Monday, September 25, 2006
Not sure how interesting this is, but I just read in a book (Eric Hobsbawm The Age of Revolutions) that the average British male in 1800 was about five-feet tall. It's interesting to me, since the average Brit male today is about five ft. seven inches tall. Seemingly, the deciding factor for this evolution would be nutrition. People eat meat much more frequently than they did in 1800, and more red meat. I'm just trying to understand how this would work, since height tends to be passed along to one's offspring. Does the diet play a role in how the genetic disposition for height manifests itself? Are some people predisposed to be tall, but if they eat a shoddy diet, they don't get the protein to become tall. Because, I can't imagine that what has happened is what Darwin called 'sexual selection'. It's not as if shorter men have been unable to breed, or got killed off due to scarce resources! So, I think we see here that the physical attributes of the species evolve due to environmental factors, right? But, isn't this a bit more Lamarckian than Darwinian? I could be wrong. I am a history major, after all! Any bio people read this?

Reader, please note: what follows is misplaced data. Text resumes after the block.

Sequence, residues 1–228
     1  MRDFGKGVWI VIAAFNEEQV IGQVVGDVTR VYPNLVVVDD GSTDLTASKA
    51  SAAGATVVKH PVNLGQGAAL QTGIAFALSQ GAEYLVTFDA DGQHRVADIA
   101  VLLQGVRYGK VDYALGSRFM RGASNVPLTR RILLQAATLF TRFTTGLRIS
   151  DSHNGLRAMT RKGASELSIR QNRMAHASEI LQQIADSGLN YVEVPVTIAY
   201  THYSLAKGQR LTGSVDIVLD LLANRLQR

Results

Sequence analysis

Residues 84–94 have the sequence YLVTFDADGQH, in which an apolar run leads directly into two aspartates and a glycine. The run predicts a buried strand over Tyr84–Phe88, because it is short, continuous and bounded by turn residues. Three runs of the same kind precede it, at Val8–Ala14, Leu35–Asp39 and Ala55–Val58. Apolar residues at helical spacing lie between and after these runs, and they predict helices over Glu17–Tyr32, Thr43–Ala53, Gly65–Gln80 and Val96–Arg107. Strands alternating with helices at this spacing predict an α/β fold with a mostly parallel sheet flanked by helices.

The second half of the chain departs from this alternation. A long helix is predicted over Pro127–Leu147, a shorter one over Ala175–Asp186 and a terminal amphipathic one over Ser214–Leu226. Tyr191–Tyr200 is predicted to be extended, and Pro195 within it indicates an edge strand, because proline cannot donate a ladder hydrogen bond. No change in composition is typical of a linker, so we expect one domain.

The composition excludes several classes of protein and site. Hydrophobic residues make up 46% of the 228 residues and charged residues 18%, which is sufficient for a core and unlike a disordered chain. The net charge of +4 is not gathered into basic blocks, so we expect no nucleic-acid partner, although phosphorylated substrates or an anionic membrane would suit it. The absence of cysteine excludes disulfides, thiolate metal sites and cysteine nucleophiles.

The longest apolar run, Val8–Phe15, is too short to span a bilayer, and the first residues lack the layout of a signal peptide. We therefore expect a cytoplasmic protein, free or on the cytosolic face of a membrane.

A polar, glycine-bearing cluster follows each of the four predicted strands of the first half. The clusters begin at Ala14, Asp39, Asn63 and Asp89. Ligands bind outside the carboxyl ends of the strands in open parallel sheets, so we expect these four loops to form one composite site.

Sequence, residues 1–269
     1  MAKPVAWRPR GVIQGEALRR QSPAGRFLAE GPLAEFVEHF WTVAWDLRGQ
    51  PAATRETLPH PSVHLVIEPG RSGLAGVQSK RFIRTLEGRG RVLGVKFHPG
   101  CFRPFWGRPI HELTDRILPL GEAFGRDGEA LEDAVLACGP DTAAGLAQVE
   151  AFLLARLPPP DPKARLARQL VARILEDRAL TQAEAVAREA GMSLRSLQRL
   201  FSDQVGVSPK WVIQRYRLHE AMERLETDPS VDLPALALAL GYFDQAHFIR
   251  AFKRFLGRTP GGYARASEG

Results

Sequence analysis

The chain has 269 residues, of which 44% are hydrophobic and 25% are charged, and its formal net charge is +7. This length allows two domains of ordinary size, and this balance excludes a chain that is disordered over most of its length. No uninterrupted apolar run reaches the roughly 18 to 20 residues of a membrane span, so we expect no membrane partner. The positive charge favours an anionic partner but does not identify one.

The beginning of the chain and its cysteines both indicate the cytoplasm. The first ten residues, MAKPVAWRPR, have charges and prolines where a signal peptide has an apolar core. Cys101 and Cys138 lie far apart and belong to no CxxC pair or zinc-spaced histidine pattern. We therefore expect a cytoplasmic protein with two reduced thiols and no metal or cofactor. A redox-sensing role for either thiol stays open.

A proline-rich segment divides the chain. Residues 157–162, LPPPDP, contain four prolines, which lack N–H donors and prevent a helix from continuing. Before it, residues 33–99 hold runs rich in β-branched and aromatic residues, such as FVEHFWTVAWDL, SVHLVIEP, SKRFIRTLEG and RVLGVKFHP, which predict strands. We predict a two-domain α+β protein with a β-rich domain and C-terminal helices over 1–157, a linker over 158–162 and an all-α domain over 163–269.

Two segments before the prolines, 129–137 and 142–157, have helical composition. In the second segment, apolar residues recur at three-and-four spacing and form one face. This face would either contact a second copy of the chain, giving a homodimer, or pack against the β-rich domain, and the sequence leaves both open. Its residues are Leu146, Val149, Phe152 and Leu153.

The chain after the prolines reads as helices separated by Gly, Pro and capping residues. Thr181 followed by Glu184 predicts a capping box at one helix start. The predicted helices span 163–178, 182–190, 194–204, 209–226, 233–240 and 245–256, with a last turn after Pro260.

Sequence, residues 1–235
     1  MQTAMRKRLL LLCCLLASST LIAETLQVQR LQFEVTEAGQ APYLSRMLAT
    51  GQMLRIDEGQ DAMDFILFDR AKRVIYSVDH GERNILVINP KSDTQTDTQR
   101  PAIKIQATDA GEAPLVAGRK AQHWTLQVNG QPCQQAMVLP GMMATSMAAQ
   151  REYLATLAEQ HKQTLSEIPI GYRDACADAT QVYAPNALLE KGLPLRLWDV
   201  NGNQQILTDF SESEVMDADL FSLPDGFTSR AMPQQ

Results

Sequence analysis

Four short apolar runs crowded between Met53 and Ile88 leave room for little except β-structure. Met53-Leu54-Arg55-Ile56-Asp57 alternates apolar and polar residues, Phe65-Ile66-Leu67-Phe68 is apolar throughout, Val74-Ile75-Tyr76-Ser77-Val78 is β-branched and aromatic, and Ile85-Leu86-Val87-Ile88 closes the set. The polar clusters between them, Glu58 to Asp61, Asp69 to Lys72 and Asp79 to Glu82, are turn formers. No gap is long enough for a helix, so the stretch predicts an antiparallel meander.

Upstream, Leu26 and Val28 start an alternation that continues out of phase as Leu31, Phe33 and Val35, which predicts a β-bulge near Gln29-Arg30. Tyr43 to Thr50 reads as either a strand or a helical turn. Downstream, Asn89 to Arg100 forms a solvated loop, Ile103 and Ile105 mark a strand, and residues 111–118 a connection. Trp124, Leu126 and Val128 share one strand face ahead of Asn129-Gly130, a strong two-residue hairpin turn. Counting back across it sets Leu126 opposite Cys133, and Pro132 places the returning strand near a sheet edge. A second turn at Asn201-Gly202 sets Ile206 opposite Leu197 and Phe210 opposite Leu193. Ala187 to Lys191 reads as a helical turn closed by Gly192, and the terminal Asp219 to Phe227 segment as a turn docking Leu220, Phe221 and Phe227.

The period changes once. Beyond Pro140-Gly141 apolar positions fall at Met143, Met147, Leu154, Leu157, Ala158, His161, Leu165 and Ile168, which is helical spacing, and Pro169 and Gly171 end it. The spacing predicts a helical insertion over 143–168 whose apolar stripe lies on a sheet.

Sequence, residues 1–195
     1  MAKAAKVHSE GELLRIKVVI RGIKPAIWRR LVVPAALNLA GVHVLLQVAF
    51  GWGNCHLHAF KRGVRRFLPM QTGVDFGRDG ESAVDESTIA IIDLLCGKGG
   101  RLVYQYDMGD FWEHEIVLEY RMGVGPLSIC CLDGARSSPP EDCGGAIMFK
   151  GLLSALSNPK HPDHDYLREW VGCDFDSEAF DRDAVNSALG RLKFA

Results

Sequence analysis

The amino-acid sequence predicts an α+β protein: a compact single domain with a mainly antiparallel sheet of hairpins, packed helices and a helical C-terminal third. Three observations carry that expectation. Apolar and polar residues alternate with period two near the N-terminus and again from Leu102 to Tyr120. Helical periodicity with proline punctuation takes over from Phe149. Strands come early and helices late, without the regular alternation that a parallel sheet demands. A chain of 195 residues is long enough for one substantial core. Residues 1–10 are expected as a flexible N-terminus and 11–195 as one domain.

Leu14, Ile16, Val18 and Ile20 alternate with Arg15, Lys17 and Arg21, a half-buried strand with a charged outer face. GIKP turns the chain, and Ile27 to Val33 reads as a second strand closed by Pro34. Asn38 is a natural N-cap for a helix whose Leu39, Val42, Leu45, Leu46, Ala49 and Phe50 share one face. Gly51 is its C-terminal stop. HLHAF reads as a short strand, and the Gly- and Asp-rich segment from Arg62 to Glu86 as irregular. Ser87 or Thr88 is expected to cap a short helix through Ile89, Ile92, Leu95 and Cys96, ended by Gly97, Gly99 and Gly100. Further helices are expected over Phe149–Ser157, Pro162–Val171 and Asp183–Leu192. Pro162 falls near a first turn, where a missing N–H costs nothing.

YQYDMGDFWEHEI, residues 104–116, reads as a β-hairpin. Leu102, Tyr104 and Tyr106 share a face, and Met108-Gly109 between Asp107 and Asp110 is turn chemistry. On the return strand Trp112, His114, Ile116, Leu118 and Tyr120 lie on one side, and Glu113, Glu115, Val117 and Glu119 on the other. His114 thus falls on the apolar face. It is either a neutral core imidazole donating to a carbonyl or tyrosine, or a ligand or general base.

Posted by Rufus at 5:30 PM